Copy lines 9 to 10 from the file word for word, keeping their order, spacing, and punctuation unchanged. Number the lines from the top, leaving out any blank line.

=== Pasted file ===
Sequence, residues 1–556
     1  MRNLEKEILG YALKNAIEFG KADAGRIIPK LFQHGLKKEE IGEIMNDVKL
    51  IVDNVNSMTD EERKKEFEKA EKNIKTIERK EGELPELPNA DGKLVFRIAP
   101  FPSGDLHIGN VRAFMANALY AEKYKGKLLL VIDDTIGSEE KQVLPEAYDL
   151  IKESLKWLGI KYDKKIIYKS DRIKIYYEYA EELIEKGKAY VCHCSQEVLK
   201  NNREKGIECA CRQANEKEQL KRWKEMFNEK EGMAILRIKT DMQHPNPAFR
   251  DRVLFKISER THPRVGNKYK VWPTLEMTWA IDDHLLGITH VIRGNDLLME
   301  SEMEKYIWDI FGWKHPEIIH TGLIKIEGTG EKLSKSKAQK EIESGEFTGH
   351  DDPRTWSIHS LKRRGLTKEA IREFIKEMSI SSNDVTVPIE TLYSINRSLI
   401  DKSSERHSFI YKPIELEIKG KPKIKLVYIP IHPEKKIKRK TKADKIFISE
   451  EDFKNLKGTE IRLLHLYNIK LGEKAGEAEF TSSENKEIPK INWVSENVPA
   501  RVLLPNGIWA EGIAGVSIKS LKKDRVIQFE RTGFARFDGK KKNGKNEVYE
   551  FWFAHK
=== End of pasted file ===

   351  DDPRTWSIHS LKRRGLTKEA IREFIKEMSI SSNDVTVPIE TLYSINRSLI
   401  DKSSERHSFI YKPIELEIKG KPKIKLVYIP IHPEKKIKRK TKADKIFISE